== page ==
We were just one group of Aussies that Ron helped but I’ve had many messages over the last few days from people around the world who Ron helped. Ron was a bloody great bloke and very generous.
He will be missed by many. RIP Ron.”
Don Allan slung in the chase by Danny Clark
Six day legend, Don Allan had this to say:
“Sad news from the UK this week with the passing of my old friend and mentor Ron Webb. It was Ron who suggested that if enough of us went to Europe to form a team, he would arrange for us to compete in the great races throughout Europe during the summer of 1973. What a wonderful and thrilling experience it was and as a team we were very successful and I was fortunate enough to get a professional contract after the road season ended. Ron was always up for a chat and willing to give advice and help young riders coming to Europe.
Will miss him terribly.
Steele Bishop – World champion
Former World Professional Pursuit Champion and current holder of four world masters titles, Steele Bishop.
“Very sad news. Ron has always been the gentleman. He may have lived most of his life in the UK but I believe an Aussie at heart. Before I even met Ron back in 1983, he set me up with a contract to ride the Coca Cola Trophy criteriums in Germany and then the Kellogg series in UK.
He also met me at the airport most Mondays in the UK to drive me to the race, as I was living in Switzerland at the time. He then came to the worlds in Switzerland and after looking at the track, gave me the winning edge with his advice on how to ride this track.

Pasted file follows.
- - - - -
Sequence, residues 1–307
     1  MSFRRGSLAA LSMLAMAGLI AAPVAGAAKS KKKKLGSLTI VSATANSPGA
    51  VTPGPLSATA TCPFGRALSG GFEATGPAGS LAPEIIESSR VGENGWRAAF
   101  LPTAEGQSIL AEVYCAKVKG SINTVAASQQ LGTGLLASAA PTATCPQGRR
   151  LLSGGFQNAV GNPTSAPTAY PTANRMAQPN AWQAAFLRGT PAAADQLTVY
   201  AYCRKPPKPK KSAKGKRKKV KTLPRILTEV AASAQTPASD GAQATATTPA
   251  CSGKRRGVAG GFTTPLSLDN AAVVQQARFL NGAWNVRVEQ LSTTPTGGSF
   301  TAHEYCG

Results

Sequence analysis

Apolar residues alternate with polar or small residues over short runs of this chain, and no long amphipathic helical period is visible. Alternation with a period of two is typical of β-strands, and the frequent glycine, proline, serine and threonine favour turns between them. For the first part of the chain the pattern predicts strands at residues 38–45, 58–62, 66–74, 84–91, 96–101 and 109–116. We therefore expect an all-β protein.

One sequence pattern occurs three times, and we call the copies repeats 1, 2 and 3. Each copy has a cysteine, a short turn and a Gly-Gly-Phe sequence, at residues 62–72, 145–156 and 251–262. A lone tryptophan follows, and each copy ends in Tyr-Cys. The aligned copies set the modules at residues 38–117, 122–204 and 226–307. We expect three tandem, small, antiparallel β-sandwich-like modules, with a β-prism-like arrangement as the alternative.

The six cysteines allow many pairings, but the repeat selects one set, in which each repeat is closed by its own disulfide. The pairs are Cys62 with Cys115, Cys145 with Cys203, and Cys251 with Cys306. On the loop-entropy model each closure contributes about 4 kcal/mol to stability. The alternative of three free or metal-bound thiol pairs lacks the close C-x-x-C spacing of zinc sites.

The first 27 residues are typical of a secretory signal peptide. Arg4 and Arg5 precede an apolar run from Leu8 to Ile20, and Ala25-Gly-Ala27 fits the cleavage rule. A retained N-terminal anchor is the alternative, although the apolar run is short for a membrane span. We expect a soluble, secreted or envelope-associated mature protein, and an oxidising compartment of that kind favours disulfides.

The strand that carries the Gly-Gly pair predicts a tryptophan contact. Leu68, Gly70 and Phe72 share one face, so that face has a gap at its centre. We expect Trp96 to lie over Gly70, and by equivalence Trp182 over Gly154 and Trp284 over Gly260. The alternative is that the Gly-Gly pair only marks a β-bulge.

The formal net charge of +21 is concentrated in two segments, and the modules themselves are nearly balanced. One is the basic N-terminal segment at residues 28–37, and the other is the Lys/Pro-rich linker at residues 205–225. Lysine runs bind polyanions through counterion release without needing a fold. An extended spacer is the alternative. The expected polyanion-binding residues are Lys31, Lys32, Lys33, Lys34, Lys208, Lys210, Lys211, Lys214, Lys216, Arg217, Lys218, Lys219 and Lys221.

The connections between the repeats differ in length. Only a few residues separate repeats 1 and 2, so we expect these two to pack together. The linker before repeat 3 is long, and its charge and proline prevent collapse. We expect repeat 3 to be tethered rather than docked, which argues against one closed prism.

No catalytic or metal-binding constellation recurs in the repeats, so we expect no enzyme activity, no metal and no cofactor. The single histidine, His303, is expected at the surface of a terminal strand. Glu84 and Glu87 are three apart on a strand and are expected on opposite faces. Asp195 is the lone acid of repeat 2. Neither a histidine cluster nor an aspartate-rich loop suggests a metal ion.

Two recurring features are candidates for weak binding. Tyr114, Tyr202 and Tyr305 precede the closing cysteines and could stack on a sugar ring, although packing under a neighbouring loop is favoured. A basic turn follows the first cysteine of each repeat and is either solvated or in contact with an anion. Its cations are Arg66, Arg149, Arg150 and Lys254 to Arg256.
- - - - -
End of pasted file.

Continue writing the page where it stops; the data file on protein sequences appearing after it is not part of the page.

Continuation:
Forever grateful to have known this incredible, generous man.
RIP my friend.”
Angus Fraser with rider Martin Hacecky
Scotsman Angus Fraser who was a friend of Webb’s for many years:
“I first met Ron in September 1970, he was visiting Edinburgh to see if there was potential to build a small indoor track in one of the halls at Meadowbank Stadium but they were too small. However, in June of 1971 and ’72 he and I organised amateur six days on the Meadowbank, outdoor, 1970 Commonwealth Games track. He organised sponsorship from Alloa Brewery who were linked with SKOL lager who sponsored Ron’s pro six day in London. But he also got sponsorship from companies like Danish bacon in Edinburgh – that’s the kind of entrepreneurial man he was.
Then I worked with him in 1974 when I brought Alan Miller and ‘Clanky’ Clark down to ride the amateur SKOL six. He was involved in the design and build of the new SKOL track when the race moved from Earls Court to Wembley and his track building career blossomed from there. But he wasn’t just about business, he helped so many Aussie riders find a place in Europe – his network of contacts was unbelievable, he did so much for cycling. He introduced Dernys to Herne Hill and helped British motor paced riders like the late Roy Cox. I spent a lot of time with him when he built the track for the 1986 Commonwealth Games at Meadowbank – and one thing he always did was to use local labour to support the local economy.
He was a real friend, always there for you.
Rest in Peace, Ron.”